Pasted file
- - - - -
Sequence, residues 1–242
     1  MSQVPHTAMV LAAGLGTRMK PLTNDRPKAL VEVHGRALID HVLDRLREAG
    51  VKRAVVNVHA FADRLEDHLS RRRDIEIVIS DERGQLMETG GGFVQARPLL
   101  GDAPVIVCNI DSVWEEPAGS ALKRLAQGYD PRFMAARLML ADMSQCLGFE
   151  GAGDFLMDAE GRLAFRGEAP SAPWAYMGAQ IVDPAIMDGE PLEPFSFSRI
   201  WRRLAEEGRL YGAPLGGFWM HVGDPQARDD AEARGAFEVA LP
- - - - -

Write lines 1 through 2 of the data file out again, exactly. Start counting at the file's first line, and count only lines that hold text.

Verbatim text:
Sequence, residues 1–242
     1  MSQVPHTAMV LAAGLGTRMK PLTNDRPKAL VEVHGRALID HVLDRLREAG